If I don't finish something, I failed to finish it. So maybe I got some experience along the way. Is that going to do me any good if I never finish anything? If in a ten (just to pick a number) years from now I find that I still haven't managed to break my not-finishing-stories streak, I will have wasted an enormous amount of time and gained nothing.

11-21-2013, 10:56 PM
I keep coming back to wondering where A Confederacy of Dunces fits into this conversation from the perspective of its author.

11-21-2013, 11:01 PM
What I gain for not finishing a project is time to spend on a more viable project. There are many books I never finished and a good proportion of them are just not worth finishing.

11-22-2013, 04:06 AM
I have what I feel to be a valid "failure is success" (nice doublespeak there).

A small press/boutique press failed to publish an anthology of my short stories in reasonable time, so I withdrew it. As it turns out, it's not so reputable (would that I'd found Absolute Write earlier!).

My success is not being linked professionally with them. My failure is that I'm still not published, though I am still trying (and still writing).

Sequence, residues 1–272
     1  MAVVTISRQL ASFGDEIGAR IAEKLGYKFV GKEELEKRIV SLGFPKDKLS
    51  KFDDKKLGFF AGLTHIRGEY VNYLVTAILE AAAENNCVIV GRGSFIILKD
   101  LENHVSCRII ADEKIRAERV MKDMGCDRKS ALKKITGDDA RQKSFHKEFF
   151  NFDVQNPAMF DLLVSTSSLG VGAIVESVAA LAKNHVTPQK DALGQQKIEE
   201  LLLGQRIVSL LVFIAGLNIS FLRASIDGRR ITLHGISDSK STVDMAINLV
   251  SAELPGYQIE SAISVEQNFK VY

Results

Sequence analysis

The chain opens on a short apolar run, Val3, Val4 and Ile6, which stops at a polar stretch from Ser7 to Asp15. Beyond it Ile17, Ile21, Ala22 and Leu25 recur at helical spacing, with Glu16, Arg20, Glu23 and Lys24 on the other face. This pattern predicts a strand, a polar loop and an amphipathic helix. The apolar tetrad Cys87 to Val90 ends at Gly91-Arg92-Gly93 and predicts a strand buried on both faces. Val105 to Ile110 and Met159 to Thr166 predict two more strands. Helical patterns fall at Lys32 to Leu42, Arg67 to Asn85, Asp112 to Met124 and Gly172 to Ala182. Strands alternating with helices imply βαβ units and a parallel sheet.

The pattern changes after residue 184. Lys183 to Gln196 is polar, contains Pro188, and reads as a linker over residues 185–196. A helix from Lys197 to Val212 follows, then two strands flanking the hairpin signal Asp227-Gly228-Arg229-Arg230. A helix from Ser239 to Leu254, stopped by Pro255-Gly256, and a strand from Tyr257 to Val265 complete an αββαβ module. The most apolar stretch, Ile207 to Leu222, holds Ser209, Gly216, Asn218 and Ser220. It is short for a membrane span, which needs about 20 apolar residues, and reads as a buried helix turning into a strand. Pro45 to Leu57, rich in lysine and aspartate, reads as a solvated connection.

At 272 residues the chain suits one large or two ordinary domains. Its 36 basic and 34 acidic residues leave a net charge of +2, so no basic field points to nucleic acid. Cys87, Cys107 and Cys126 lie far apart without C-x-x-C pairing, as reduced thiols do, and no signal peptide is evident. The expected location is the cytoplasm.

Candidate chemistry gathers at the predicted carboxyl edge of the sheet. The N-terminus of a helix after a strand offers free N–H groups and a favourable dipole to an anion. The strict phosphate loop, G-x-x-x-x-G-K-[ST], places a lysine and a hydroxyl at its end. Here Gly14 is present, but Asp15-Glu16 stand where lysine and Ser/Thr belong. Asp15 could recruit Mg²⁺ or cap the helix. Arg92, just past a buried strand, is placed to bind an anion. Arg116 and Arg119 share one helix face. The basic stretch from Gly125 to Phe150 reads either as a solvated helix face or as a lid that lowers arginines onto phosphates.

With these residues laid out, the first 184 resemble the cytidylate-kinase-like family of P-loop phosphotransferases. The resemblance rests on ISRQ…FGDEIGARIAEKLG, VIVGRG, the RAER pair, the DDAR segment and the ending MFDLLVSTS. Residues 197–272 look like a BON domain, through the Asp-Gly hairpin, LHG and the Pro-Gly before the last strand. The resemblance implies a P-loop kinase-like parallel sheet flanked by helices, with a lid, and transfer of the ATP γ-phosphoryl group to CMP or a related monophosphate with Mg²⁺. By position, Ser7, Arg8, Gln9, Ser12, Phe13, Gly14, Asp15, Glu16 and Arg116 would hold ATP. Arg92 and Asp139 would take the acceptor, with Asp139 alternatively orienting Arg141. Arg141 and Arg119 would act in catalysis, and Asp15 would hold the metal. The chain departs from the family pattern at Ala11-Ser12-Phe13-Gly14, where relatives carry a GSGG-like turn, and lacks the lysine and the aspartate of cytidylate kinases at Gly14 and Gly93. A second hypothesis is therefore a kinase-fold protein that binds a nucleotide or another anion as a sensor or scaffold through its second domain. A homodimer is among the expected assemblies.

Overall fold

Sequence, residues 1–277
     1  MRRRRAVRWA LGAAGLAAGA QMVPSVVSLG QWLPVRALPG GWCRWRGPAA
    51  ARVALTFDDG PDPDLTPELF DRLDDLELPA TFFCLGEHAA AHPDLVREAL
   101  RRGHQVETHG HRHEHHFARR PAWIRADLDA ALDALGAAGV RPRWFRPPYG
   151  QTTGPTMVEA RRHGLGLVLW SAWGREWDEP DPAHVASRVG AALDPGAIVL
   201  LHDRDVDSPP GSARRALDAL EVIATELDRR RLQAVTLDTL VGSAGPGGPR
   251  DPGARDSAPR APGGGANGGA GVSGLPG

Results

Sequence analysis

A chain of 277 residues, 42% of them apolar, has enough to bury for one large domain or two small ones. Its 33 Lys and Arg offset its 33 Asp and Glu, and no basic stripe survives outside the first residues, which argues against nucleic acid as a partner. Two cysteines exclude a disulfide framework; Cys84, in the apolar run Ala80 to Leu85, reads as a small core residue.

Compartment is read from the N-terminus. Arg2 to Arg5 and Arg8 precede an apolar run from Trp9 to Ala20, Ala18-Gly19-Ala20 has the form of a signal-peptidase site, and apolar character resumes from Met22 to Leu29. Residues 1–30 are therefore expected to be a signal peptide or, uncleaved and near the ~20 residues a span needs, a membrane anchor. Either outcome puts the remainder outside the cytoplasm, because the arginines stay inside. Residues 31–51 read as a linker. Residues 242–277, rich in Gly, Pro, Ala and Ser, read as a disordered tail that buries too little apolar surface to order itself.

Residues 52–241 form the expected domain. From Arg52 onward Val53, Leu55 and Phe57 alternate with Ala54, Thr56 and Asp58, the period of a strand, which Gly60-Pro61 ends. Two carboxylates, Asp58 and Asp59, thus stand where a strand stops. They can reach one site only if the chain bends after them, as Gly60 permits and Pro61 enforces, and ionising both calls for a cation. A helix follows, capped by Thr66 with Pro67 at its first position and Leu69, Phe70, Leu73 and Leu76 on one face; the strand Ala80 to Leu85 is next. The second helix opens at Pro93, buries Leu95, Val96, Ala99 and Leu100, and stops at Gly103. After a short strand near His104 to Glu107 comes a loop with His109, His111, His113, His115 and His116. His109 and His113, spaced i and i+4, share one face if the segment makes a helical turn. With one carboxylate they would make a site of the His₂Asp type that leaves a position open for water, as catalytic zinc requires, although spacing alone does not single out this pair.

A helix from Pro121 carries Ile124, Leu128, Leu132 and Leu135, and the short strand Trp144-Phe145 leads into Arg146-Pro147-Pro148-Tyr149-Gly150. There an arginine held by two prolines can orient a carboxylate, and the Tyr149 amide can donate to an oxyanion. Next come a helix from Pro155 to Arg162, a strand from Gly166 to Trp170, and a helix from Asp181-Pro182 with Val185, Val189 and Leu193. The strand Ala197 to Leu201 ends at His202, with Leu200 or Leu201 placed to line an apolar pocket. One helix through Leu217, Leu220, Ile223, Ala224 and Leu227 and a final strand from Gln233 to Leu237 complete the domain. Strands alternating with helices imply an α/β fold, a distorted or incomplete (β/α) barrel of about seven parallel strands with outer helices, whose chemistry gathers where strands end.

Storm Surge
11-22-2013, 04:32 AM
What I gain for not finishing a project is time to spend on a more viable project. There are many books I never finished and a good proportion of them are just not worth finishing.

Absolutely true. If the story is no good (for whatever reason), there's no point in finishing it when you could be working on something better.

On the other hand, if you never finish the better thing either...

I haven't finished anything in three years, and while the OP says that this is "rarely a failure" I can't help but wonder if years down the road I'll have nothing to look back on but a giant pile of unfinished stories and a lot of time I could have spent getting good at something at which I could actually succeed.

But I didn't chose to write. It's more like I'm compelled to. So if this comes to pass, I'll look back and then keep on writing.

11-22-2013, 09:20 AM
What I gain for not finishing a project is time to spend on a more viable project. There are many books I never finished and a good proportion of them are just not worth finishing.

I had the impression from the OP that this had more to do with coming to the tough places (the "block") and just quitting rather than making a rational decision that the book sucked and therefore wasn't worth finishing. To me, that's a big difference.